Collecting Forces for Crossfire - Revell UH-1H 'Slick'

Page Title - Vietnam Crossfire
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Collecting Forces for Crossfire - Revell UH-1H 'Slick'

There are probably going to be few games of Vietnam Crossfire in which the US player at some stage or another does not require a helicopter insertion. Whether it be an ammo resupply, a medevac or a full scale air assault, a suitable Huey model is a necessity.

The Revell 1/100th scale UH-1H kit is ideal for any of these roles. I have already reviewed the use of this kit as a gunship, and the techniques regarding construction and painting have already been covered in that particular review. Exactly the same techniques were followed for the production of the 'Slick', with the obvious exception being that the supplied weapons system was not added.

Revell 1/100th UH-1H partly completed
Nearly completed model, painted and decals applied

For use as a troop transporter I kept the M-60 door gunners and also used the seated figures that come with the Peter Pig helicopter crew pack (2 pilots, 2 door gunners and 4 seated figures with combat gear and M-16's). These were to be seated two on each side of the helicopter, sitting in the door-way of the cargo bay with their feet hanging outside of the helicopter in traditional pose.

Revell 1/100th UH-1H configured as a troop carrying 'slick'
Completed model (except for rotors) with figures provisionally
mounted in cargo bay doorway to check for fit

Getting the door gunner and two seated figures into the very small space offered by the open cargo bay doorway involved a little bit of filing and cutting of the figures in order to get them to fit. In particular, the seated figures all have a right elbow that sticks out some way and this was filed flat. Also, the door gun mounting (a bar across the bottom of the figure) has to be shortened. The simple expedient here is to clip off both sides of this bar that extend beyond the ammo box. Having carried out these small alterations and checked the 'fit' of the models, I then glued them in place.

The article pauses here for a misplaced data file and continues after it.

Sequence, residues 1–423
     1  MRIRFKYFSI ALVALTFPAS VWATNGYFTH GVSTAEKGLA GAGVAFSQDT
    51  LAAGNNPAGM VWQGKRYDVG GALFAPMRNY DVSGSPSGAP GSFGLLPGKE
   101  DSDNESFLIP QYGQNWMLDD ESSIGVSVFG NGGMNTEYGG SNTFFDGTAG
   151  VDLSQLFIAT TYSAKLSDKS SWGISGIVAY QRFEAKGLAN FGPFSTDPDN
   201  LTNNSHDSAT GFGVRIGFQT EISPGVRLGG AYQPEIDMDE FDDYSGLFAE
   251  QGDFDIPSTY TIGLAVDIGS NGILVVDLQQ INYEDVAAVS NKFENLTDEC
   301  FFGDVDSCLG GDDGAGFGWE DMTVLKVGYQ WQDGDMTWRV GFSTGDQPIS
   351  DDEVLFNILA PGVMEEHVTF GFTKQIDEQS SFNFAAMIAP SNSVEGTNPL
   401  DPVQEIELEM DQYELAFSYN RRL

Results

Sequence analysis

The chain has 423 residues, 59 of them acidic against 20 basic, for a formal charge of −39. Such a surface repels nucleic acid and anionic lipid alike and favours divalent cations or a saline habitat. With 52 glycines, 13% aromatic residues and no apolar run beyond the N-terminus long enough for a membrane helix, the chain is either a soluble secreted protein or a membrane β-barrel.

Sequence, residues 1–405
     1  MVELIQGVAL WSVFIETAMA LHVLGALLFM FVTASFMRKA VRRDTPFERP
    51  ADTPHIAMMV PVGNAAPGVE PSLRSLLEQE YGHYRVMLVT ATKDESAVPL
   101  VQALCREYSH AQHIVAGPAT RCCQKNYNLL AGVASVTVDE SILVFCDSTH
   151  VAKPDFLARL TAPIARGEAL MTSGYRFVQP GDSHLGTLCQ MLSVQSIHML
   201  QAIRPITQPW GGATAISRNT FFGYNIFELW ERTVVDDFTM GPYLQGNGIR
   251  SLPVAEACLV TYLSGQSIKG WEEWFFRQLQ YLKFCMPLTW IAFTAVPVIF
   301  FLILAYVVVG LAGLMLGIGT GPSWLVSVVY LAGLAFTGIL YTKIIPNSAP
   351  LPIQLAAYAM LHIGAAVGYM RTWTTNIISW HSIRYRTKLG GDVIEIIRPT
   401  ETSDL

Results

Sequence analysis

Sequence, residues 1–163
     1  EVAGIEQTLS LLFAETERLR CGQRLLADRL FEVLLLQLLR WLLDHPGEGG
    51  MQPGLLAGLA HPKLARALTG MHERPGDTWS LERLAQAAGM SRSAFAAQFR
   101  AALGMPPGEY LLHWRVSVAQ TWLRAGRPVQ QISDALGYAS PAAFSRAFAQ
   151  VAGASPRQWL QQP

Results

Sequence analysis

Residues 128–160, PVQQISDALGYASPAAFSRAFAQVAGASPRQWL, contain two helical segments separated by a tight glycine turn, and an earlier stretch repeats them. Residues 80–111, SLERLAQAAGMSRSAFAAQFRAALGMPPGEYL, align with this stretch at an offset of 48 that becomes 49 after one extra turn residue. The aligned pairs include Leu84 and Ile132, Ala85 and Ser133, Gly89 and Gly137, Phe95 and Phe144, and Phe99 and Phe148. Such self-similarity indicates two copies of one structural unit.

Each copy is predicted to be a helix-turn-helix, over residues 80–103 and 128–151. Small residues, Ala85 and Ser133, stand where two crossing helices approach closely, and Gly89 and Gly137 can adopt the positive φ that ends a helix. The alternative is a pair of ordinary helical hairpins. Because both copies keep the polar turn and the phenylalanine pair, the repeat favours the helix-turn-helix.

Close-up of the cargo bay doorway and seated figures
Note the 'elbows' and the extended bar at the base of the gun mounting
- both serve to displace the seated figures and prevent a clean fit

In Incoming!, helicopters have several actions that are permissible; flying, landing, unloading/loading and taking off. When flying, the helicopter moves just the same as an infantry stand, that is it may pivot, move and fire in the same manner. It is worth remembering that a pivot in place is deemed as movement and can draw reactive fire (Crossfire Rule 6.2.1). Otherwise the helicopter moves as normal from point A to point B on the table and uses direct fire just as a normal infantry stand. There is no mention in the Incoming! rules about Reactive Fire from helicopters but I assume that this is permissible as long as LOS criteria are met.

Assuming that LOS is reciprocal, then the helicopter can fire at anything that is within it's arc of fire. In my own games I apply different LOS rules to the helicopter depending on whether it is flying, landing/taking off or on the ground. In the case where the helicopter is airborne and flying, I allow it to fire at any target that is visible, within it's arc of fire and no more than two LOS blocking terrain features away. If the helicopter is in the transition from flight to being on the ground, that is it is landing or taking off, then it may only fire at targets that are visible, within it's arc of fire and either in the open, in the same terrain feature or in an adjacent terrain feature. When in transition or on the ground, I do not allow the firing of any weapons except for door-mounted M-60's.

Left side view of completed model


Right side view of completed model

The use of the Huey in any of the roles mentioned above (re-supply, medevac, troop transport) differs considerably from it's use as a gunship. Gunship's very rarely land on the table other than in exceptional circumstances.

If used in the air support role (Incoming! rule 7.1.3), they will make attack 'runs' - receiving any applicable anti-aircraft fire prior to making their attack and departing the table - all as part of a single action. When used as an attached unit, they tend to remain airborne, flying from one point to another and delivering direct or reactive fire as circumstances dictate (using Incoming! rule 11.1.3).

Non-gunship helicopters that are either attached or arrive as a result of other requests (such as medevac or ammo resupply) will invariably land on table and hence make use of the landing/taking off actions as well as spending some time on the ground according to their mission. Landing or taking off counts as the only action permissible in that initiative phase although any troops or supplies that are being carried can be unloaded. 

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All figures are from my own personal collection, painted and photographed by Mike R 2000


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